⚡ Ford Lightning Forum ⚡ banner
1 - 16 of 16 Posts

·
Registered
Joined
·
2 Posts
Discussion Starter · #1 ·
So I've ordered my F150 Lightning and opted for the Standard battery. I'm curious if down the road 5 to 8 years, as battery prices drop too, can I upgrade from the Standard and replace with the Extended battery? Is the compartment they are stored in different or smaller? Is there any other technical stuff that would prevent this? I expect that battery technology with evolve rapidly in the next 10 years. We may have third-party solid-state replacement batteries too that are made to replace the OEM batteries, that give longer ranges and other benefits. Anyone else thinking about this or have insight into the possibilities? Thanks, Redeye.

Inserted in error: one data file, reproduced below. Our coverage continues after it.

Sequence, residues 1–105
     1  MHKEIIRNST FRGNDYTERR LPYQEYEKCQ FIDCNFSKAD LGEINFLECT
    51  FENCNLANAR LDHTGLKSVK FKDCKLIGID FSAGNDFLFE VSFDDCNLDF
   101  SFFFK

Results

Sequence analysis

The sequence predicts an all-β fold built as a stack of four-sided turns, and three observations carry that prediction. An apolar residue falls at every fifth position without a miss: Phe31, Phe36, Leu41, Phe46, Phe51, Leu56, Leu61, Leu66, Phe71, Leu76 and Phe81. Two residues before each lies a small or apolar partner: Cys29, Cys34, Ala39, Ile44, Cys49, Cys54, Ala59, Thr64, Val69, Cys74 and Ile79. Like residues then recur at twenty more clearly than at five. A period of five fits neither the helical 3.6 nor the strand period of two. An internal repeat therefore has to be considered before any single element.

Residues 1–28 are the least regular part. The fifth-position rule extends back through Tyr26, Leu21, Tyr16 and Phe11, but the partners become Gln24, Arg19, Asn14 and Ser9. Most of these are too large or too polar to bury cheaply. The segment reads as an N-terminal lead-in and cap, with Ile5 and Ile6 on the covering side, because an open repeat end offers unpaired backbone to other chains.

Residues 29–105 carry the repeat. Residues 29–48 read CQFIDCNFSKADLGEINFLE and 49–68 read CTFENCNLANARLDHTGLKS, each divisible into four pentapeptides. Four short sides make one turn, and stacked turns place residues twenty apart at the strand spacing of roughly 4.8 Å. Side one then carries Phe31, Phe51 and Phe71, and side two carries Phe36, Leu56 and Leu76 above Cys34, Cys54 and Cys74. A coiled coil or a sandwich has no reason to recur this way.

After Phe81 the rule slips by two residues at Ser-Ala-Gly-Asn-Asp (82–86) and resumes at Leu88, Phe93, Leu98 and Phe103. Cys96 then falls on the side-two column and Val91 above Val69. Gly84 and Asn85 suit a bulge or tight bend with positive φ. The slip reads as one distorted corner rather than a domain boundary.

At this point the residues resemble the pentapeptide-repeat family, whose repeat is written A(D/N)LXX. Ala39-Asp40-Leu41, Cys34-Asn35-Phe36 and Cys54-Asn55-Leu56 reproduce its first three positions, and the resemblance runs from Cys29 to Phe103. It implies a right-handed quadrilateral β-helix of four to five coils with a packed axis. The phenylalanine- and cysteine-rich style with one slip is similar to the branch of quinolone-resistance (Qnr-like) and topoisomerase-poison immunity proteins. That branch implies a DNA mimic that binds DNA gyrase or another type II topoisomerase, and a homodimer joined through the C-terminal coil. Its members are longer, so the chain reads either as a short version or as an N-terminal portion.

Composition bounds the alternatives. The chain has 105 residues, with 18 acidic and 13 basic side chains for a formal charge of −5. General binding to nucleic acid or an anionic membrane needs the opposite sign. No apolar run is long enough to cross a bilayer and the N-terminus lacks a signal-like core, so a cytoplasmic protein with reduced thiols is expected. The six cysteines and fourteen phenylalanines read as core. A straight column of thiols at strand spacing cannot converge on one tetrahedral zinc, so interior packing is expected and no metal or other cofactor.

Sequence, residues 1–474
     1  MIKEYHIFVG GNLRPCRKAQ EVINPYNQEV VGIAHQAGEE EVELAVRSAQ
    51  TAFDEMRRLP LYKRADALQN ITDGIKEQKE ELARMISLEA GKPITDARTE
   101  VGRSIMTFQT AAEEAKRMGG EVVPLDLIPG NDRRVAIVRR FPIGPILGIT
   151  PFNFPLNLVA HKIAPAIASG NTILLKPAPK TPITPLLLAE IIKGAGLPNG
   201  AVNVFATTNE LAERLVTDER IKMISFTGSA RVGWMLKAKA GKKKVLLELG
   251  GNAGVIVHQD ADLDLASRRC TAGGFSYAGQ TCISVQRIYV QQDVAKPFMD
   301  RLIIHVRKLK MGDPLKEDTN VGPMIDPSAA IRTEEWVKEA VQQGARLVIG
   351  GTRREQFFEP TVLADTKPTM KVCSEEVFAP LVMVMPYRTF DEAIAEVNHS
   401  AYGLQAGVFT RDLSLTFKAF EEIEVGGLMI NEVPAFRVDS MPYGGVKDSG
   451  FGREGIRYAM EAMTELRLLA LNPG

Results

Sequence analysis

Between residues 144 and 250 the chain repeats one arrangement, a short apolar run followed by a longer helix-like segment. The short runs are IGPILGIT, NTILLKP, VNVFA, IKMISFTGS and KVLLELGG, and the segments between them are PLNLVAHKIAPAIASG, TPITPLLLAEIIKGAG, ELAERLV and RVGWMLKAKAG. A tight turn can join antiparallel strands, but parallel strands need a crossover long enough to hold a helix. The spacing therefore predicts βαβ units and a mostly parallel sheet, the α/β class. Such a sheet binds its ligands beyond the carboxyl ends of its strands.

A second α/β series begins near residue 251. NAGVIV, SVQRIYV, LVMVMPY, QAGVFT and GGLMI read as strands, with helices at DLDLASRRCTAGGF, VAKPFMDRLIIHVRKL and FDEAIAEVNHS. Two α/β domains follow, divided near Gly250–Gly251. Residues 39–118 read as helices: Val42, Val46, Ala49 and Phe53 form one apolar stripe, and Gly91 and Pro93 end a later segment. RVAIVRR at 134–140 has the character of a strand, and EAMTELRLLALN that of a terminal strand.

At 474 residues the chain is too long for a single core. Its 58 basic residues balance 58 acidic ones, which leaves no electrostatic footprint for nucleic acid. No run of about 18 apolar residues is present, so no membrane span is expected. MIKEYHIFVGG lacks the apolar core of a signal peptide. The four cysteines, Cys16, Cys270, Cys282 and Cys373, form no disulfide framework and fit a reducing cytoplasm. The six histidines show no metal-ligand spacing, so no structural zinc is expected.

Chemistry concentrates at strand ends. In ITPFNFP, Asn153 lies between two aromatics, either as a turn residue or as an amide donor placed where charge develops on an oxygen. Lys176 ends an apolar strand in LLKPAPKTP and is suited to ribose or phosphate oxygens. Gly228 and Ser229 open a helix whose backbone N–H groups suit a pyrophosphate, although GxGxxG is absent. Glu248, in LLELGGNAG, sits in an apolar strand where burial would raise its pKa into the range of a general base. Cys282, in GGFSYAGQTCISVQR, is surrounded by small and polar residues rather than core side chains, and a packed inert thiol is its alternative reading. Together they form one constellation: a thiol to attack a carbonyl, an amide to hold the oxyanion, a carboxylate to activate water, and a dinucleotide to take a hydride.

·
Registered
Model 3 AWD, Lightning Lariat on order
Joined
·
494 Posts
Anything might be possible in a few years, but it's hard to know where battery technology will be. It will all depend on how well the truck bodies hold up. More than likely in many years the truck won't be worth the cost of a new battery. Current batteries approaching the 7+ year age still seem to be holding above 70% capacity. However it is estimated there could be a secondary market for used car batteries having a life as house backup, etc. which might facilitate replacements being worth it.
 

·
Registered
Joined
·
114 Posts
yep! you will likely be able to do a swap like this, it will just be a matter of cost and availability....maybe in 3-4y when more are out there, we might be able to find a used ER battery.
 

·
Administrator